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Department of Economic History

How to contact us

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Economic History Department
London School of Economics and Political Science
Houghton Street
London
WC2A 2AE

 

We are located in Sardinia House 

 

Head of Department
Professor Albrecht Ritschl
a.o.ritschl@lse.ac.uk

Departmental Manager

Linda Sampson
Tel: +44 (0)20 7955 7084
l.sampson@lse.ac.uk

 

MSc Programmes Manager
Tracy Keefe
Tel: +44 (0)20 7955 7860
t.j.keefe@lse.ac.uk

 

Undergraduate Administrator
Helena Ivins
Tel: +44 (0)20 7955 7860
h.ivins@lse.ac.uk

 

Undergraduate Admissions Enquiries
+44 (0)20 7955 7125
stu.rec@lse.ac.uk

 

PhD Administrator
Loraine Long
Tel: +44 (0)20 7955 7046
l.long@lse.ac.uk

 

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A version of Matteo Ricci's world map, created in China in 1602.

The Department of Economic History is home to a huge breadth and depth of knowledge and expertise ranging from the medieval period to the current century and covering every major world economy. It is one of the largest specialist departments in the country, with 25 full- and part-time time teachers, as well as visiting academics and researchers.
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Dr Debin Ma has contributed to a forthcoming documentary BBC2 series 'The Story of China' beginning on January 21 2016.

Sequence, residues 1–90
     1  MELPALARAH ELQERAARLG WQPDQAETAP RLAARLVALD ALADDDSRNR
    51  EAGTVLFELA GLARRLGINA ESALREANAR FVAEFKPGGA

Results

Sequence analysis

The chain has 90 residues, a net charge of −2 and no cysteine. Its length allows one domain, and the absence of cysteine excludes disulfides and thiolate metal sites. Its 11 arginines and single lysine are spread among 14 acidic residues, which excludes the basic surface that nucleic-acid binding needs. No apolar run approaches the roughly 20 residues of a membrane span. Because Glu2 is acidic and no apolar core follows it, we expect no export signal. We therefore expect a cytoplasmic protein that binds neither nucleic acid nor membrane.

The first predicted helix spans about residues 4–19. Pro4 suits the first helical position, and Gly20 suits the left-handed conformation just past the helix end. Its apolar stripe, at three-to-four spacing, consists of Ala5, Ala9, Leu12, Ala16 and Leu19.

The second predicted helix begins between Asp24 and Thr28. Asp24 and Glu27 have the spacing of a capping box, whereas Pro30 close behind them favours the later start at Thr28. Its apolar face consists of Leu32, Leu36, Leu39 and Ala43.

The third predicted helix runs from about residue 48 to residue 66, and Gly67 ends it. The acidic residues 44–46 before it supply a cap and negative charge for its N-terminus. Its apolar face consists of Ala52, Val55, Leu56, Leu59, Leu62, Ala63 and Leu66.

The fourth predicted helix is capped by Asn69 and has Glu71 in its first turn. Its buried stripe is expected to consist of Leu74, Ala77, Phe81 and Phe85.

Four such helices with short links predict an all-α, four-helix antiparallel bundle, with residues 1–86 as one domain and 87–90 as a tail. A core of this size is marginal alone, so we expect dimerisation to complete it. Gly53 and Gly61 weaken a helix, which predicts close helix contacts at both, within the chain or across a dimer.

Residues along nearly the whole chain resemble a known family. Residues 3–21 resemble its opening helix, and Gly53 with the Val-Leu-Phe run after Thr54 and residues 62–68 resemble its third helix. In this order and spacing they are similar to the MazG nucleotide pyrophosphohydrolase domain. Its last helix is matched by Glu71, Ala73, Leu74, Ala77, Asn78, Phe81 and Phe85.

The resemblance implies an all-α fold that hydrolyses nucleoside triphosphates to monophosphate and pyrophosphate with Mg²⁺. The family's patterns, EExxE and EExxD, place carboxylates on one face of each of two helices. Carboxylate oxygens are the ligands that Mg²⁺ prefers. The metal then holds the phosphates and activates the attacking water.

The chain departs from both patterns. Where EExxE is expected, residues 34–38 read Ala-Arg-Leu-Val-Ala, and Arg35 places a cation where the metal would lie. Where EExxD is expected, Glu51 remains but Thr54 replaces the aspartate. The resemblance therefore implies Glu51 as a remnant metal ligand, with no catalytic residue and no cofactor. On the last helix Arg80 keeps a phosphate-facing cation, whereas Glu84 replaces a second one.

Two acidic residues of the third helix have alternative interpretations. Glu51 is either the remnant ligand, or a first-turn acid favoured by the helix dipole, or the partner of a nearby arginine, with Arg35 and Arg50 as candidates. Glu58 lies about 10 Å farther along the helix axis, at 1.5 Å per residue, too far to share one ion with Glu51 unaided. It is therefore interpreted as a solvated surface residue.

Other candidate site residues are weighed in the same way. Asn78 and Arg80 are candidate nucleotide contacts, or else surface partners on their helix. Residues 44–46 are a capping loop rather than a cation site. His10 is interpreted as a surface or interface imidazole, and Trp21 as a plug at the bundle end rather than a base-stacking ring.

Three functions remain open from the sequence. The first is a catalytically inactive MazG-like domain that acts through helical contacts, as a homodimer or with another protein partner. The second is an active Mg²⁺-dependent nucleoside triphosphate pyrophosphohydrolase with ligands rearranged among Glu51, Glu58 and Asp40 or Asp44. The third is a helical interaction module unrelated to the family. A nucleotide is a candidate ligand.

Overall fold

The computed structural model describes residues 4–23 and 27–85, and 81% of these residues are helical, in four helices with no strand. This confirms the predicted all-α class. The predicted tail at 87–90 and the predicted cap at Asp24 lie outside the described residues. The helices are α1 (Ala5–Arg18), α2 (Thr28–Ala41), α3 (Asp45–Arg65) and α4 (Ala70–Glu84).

Dr Ma was interviewed by series presenter, historian Michael Wood as part of the  6-part, landmark series on the history and culture of  China, from its beginnings to the present day. Dr Ma will feature in the 5th and 6th parts of the series. 

 

Representation without taxation, taxation without consent

Colombia's El Espectador featured an article by Salomón Kalmanovitz on Alejandra Irigoin's Working Paper Representation without taxation, taxation without consent; The legacy of Spanish colonialism in America.

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The STICERD Review 2015 features an article from Professor Janet Hunter on the economic aftermath of the Great Kanto Earthquake of 1923. You can read the review, with the article and more, here:

 
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Children’s Growth During a Long-run Health Transition: Britain in International Perspective, 1850-1995

The project website for  Dr Eric Schneider's three-year ESRC-funded has been relaunched. The new site is available here:

The project reconstructs the growth pattern of British children between 1850 and 1990 to determine how improvements in nutrition, sanitation and medical knowledge influenced children's growth during this period.

 

'If You're So Smart: John Maynard Keynes and Currency Speculation in the Interwar Years', a research paper by the Economic History department's Olivier Accominotti and David Chambers (University of Cambridge) garnered attention from The TimesGuardian, Bloomberg  and New York Times.  The paper focuses on Keynes's brush with bankruptcy after betting on currency markets. Click on the press links, or read the original research paper here:

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Dr Kent Deng talks on Chinese long term growth and more in this video interview at the XVIIth World Economic History Congress held in Kyoto, August 2015.